US, Britain, China offer Nigeria technology aid to track missing girls
The Nigerian government has said it has received promises to provide tracking technologies from the likes of the United States (US), United Kingdom (UK), China, Canada and France to help in the rescue of over 200 girls abducted by militant group Boko Haram in Borno state in northern Nigeria.
According to Reuben Abati, special adviser to Nigeria’s president on media and publicity, the British government said it would deploy its advanced tracking technologies in support of Nigeria’s security agencies. He said the promise was made by Prime Minister David Cameron upon request by Nigeria’s president Goodluck Jonathan.
“President Jonathan told the prime minister that the Ministry of Foreign Affairs will liaise with the British government through its High Commission in Nigeria to work out practical details of the promised support and collaboration against terrorism,” Abati said.
Nigeria’s president also received similar promises from Premier Li Keqiang of China, who is in Nigeria as part of its tour of African countries.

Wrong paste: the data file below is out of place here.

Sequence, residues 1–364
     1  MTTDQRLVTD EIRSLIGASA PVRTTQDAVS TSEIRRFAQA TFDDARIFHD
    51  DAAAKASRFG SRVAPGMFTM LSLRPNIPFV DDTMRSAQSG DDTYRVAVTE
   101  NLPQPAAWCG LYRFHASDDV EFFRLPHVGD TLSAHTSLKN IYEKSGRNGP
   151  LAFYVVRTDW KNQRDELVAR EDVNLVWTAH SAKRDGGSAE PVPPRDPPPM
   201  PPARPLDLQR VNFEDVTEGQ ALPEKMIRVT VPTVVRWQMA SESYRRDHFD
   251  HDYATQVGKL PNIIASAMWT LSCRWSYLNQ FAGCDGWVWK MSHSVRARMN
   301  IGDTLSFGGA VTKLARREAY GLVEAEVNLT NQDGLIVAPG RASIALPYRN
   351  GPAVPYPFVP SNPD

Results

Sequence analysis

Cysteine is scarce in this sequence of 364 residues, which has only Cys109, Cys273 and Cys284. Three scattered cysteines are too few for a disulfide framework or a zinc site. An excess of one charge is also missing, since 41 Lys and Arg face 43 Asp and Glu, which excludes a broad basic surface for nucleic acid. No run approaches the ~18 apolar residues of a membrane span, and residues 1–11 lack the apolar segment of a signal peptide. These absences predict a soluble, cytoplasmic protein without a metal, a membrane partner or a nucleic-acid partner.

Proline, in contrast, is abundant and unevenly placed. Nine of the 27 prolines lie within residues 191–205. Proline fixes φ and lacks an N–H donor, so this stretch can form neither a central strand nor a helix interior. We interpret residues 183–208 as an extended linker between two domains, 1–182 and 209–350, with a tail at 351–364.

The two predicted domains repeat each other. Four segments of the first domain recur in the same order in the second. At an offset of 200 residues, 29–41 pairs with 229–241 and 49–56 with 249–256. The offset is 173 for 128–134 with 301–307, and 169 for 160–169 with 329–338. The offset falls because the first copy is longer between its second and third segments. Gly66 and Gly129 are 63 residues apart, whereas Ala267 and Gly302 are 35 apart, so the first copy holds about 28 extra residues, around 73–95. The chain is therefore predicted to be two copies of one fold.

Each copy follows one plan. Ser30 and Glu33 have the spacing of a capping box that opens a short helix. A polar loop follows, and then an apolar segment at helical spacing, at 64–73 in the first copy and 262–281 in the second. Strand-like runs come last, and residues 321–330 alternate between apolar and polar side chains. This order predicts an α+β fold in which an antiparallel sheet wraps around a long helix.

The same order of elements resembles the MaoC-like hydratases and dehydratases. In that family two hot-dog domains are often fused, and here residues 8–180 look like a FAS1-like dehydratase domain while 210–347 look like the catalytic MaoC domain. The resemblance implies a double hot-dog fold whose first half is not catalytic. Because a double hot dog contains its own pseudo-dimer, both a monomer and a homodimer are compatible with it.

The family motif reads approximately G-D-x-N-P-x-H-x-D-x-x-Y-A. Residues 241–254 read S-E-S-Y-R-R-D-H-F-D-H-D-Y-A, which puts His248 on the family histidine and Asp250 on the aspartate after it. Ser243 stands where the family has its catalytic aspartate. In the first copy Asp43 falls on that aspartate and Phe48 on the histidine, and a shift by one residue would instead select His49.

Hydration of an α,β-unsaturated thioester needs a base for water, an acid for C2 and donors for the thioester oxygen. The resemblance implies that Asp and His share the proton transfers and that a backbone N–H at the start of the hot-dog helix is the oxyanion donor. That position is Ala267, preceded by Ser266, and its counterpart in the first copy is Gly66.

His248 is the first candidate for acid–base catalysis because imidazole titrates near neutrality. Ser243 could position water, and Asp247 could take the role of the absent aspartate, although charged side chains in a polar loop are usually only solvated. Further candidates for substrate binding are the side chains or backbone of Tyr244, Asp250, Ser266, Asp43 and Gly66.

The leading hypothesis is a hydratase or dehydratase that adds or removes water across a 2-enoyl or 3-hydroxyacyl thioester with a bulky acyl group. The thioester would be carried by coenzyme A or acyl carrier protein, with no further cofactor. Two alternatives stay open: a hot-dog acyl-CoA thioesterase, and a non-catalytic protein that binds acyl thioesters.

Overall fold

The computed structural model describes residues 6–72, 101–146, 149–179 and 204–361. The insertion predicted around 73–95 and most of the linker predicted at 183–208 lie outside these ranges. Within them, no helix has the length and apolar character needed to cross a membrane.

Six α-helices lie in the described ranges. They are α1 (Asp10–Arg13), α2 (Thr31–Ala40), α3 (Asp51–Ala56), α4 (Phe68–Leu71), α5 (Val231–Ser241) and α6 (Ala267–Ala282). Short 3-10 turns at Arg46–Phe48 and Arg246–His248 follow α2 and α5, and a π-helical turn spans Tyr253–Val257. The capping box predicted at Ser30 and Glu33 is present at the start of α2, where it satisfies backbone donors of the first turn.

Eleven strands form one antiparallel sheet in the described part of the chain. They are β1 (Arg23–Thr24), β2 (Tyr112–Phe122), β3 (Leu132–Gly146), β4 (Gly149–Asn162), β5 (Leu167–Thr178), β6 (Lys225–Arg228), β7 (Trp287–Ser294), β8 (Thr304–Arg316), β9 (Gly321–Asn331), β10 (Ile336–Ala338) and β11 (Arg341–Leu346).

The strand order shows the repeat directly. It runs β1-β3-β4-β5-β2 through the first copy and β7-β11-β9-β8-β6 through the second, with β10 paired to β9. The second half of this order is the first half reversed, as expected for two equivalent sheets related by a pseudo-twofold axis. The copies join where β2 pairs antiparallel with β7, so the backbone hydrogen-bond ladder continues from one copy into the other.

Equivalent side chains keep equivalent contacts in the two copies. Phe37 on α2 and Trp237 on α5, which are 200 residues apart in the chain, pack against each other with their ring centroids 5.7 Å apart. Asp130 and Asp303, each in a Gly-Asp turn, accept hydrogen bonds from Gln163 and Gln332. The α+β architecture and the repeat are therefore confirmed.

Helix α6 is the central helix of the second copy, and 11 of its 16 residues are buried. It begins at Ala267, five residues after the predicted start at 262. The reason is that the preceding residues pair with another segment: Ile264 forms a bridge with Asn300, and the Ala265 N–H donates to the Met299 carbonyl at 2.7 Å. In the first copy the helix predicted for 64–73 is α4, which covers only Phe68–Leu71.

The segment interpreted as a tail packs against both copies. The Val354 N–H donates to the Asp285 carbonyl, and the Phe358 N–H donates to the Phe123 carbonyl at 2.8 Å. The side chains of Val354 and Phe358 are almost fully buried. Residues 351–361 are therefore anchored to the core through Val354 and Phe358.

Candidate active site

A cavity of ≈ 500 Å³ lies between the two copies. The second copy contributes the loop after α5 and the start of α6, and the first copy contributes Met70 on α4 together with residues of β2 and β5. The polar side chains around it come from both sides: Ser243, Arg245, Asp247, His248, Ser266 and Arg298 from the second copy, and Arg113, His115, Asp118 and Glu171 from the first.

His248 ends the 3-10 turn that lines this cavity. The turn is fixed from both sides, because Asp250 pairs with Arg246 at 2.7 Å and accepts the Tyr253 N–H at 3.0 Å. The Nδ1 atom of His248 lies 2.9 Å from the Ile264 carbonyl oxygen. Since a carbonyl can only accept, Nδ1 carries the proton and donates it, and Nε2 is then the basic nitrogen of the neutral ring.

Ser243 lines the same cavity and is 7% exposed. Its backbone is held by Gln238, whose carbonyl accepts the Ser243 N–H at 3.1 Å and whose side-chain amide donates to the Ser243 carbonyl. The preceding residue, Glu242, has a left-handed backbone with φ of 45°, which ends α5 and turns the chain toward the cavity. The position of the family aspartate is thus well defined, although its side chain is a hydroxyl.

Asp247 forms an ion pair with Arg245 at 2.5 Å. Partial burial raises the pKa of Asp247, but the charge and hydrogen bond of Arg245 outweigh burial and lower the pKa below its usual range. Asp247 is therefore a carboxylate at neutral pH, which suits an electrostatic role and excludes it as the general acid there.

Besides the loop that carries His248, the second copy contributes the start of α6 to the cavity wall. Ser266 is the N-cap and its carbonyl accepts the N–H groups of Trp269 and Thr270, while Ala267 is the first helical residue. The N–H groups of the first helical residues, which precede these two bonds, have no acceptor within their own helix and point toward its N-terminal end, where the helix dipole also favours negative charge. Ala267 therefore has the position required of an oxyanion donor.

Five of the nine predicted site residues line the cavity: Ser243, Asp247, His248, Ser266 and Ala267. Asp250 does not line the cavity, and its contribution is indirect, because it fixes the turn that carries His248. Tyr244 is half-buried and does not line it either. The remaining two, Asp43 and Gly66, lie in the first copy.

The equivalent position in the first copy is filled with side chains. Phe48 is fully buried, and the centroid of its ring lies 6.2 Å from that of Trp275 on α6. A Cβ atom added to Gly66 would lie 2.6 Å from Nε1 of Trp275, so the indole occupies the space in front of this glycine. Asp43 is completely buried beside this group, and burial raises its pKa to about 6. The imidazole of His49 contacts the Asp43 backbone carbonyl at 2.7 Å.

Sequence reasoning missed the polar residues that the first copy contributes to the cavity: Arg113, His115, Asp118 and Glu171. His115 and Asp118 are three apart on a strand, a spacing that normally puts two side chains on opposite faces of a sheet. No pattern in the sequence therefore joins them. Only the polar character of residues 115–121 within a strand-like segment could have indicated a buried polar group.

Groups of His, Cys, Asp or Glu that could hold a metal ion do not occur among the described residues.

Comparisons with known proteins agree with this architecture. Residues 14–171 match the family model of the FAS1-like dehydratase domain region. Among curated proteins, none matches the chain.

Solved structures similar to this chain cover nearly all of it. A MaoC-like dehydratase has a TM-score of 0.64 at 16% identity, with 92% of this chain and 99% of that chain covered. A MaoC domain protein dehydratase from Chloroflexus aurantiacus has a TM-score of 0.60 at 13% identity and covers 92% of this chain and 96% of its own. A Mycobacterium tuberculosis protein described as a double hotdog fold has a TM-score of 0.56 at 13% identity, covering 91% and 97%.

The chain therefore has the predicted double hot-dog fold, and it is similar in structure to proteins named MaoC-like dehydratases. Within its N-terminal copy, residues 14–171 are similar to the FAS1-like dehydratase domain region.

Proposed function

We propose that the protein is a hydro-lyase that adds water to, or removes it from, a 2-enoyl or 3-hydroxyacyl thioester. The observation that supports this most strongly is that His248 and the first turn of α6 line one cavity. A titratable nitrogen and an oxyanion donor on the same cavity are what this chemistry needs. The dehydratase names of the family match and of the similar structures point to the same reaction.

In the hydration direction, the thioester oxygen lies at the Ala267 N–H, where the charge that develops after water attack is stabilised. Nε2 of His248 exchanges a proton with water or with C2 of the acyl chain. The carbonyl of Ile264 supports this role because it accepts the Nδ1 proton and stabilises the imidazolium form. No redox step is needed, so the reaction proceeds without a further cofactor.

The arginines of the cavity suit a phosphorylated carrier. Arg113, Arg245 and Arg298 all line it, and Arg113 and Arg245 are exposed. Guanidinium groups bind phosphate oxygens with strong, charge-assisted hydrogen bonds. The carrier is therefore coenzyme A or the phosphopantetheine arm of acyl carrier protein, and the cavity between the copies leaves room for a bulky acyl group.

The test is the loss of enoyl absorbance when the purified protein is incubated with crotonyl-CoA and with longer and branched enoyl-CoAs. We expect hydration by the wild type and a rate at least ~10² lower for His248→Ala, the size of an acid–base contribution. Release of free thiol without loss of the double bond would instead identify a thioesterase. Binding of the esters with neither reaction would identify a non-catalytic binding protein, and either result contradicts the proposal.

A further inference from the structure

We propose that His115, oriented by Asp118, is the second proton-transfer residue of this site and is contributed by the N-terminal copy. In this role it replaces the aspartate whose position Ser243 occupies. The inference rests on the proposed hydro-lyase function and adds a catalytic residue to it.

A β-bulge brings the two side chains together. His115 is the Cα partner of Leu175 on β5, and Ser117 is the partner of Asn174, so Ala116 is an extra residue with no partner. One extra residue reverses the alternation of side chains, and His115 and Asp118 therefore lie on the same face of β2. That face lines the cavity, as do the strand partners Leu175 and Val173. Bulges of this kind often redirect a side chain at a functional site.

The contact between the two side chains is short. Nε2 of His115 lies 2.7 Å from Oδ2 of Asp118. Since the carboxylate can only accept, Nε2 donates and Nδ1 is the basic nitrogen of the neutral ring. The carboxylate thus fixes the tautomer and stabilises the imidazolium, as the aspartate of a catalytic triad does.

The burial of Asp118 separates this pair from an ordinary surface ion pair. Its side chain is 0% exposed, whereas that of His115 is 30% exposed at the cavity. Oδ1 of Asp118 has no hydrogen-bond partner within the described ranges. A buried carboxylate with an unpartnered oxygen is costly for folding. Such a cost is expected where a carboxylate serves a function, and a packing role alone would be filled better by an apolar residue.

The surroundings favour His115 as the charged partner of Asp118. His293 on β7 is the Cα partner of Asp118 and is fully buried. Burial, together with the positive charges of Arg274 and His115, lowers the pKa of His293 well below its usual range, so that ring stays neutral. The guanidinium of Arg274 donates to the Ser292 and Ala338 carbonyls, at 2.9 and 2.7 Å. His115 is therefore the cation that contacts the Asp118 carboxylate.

“In talks with President Jonathan, Premier Li Keqiang promised that his country will make any useful information acquired by its satellites and intelligence services available to Nigeria’s security agencies,” Abati said.
“Mr Keqiang assured the president that China will support Nigeria’s fight against terrorism in every possible way, including the training of military personnel for anti-insurgency operations.”
The US government has expressed concern over the fate of the abducted girls and is willing to deploy experts and technologies to assist the Nigerian government in securing the release of the girls and to fight terrorism in Nigeria.